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New Zealand lies in the South Pacific Ocean, about
1,900 kilometres south east of Australia. The North
and South Island are separated by the Cook
Straight, one of the most notorious stretches of
open sea in the world, and have a combined
lengthof 2 000 kilometres. To the South
of theSouth Island, and separated from
it by the Foveaux Strait, is Stewart Island.

The country has many spectacular landscapes,
with rivers, fiords, glaciers, and
volcanoes. The landmass is
dominated by a mountain
backbone which runs roughly
through the North and South Islands.

In the South Island this feature
appears as the high glacial
Southern Alps. The highest
point, Mount Cook, is 3,764
meters above sea level
(it was higher until the summit cracked off a few years ago). On the North Island, the mountain range divides into east and west wings, or rather lower altitudes. The areas of flat land are usually small and pocketed.

New Zealand forms part of the Volcanic Basin of the Pacific, and the large flat area in the Centre of the North Island is a volcanic plateau. The main volcanoes are Mt Taranaki and Mt Ruapehu. A few such as Ngauruhoe, are still active. Areas of baking mud and geysers are found in the central part of the country.

Climate
The long, narrow shape of the country gives a range of climates between subtropical in the north and subarctic in the extreme south. However the weather is moderated by the surrounding sea and most of the country has a temperate, sunny climate with adequate rainfall. Average annual temperatures are 15C in the South. Rainfall, which averages 161cm, is distributed fairly evenly throughout the year. Amounts vary: the wettest area is the west coast of the South Island (up to 500cm a year) whilst the east coasts are drier.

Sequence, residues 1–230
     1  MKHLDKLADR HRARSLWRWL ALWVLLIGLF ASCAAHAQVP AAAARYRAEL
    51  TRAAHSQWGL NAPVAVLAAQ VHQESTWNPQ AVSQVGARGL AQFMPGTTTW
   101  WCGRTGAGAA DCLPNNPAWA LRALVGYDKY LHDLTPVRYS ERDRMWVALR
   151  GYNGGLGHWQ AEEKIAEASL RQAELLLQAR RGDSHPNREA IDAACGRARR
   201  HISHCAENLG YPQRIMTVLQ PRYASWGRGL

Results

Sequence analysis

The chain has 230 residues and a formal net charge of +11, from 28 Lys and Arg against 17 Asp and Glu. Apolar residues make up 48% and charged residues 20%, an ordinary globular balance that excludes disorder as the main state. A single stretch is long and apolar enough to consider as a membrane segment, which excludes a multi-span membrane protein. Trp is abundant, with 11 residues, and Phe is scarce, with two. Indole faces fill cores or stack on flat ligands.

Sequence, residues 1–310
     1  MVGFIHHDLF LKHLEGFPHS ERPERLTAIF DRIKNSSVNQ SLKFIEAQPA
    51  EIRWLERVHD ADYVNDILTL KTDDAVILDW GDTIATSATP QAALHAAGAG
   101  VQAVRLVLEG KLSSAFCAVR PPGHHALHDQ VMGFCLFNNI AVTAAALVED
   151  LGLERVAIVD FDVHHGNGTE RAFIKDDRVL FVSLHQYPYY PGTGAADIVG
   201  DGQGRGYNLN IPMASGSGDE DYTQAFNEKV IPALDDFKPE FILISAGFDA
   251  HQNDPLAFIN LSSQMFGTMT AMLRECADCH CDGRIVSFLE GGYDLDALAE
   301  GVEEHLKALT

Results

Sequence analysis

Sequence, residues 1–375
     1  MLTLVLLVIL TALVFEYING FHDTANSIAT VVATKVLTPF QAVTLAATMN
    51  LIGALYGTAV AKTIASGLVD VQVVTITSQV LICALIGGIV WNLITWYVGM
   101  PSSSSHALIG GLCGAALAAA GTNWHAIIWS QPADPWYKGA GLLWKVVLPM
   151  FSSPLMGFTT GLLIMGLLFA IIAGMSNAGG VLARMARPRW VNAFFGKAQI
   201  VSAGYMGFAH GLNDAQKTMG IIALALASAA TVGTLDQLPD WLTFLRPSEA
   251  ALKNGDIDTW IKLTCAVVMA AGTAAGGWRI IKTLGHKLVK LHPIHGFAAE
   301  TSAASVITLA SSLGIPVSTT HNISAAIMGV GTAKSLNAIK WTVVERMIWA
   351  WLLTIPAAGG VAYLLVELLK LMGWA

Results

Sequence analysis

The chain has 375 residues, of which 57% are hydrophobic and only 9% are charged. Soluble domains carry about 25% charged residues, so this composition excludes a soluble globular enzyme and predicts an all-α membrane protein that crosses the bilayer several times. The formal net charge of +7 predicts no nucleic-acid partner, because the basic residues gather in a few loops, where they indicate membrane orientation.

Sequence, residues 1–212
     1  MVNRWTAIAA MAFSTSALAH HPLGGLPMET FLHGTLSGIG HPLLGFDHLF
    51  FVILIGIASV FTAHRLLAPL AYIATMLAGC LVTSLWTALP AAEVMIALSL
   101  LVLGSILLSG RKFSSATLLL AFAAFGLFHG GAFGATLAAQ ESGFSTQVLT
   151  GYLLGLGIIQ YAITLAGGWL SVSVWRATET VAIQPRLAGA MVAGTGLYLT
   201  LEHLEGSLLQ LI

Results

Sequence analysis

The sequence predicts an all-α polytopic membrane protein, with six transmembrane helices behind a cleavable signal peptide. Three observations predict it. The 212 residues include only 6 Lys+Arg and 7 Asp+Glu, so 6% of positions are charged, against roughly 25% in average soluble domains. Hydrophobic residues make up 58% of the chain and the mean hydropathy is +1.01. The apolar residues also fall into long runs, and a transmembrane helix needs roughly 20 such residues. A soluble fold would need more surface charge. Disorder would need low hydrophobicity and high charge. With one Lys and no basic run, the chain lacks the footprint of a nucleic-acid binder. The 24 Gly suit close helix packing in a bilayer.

Winters tend to be less severe than in Western Europe except that there are occasional heavy falls of snow in the South Island. Autumn and winter are from March to August, and spring and summer from September to February. Wind is also a feature with Wellington the worst affected city; it is windy on average 200 days a year.

Wellington
Wellington is situated at the southern tip of the North Island; it was founded in the 1840's, on the south-west shore of Port Nicholoson, now Wellington Harbour, off the Cook Strait. Known as Windy Wellington, the winds funnelling through the Cook Strait are at their strongest during spring and autumn and ensure that the air is never polluted. The harbour is magnificent and contributed to the development of the city as a major port. The city succeeded Auckland as the capital of New Zealand in 1865 and since that time has spread up into the high encircling hills. It considers itself to be the country's cultural capital.

Auckland
Auckland is the largest city in New Zealand, lying between two large harbours (Waitemata and Manukau) on a narrow isthmus separating the Pacific Ocean and the Tasman Sea. On the landside the city is surrounded by volcanic hills. Surrounded by so much water is not surprising that sailing is one of the major pastimes, so much so that the city has become nicknamed 'The city of sails'.

The main open space in the city-centre is the 80 hectare Auckland Domain, a mixture of parkland and sportsfield. It also houses the Auckland War Memorial Museum which contains outstanding examples of Maoriart. Mount Eden, which lies around 4 km from the centre, affords a panoramic view of the city and its surroundings.

Buildings of note include various colonial-period houses such as Ewelme Cottage and Kinder House, both open to the public. In the Southern part of the city, Howick Colonial Village is a restored village with buildings dating from 1840-1880; it too is open to the public.

Christchurch
Christchurch is the largest city in the South Island, with a regional population of over 300,000, it is an important industrial and trading area with a port at Lyttleton as its main distribution centre. Often referred to as the Garden city it could easily be likened to any small city in England.

Dunedin
Dunedin is the most southerly of the New Zealand's major cities. It has a population of around 120,000 , making it the second largest city of the South Island. Its importance as an industrial centre is increasing, together with its nearby port, Port Chalmers but it is best known for its university .

Other towns include:

North Island
Hamilton (105,000), the country's fourth largest city and centre of the Waikato region; Palmerston North (74,000); Napier / Hastings (110,000); Taurange (74,000); Rotorua (60,000), an internationally known tourist centre with hot springs; New Plymouth, Wanganui (45,000), Whangarei and Gisborne, all with a population of between 30,000 and 50,000.

South Island
Invercargill (52,000); Nelson (45,000); Timaru (28,000).

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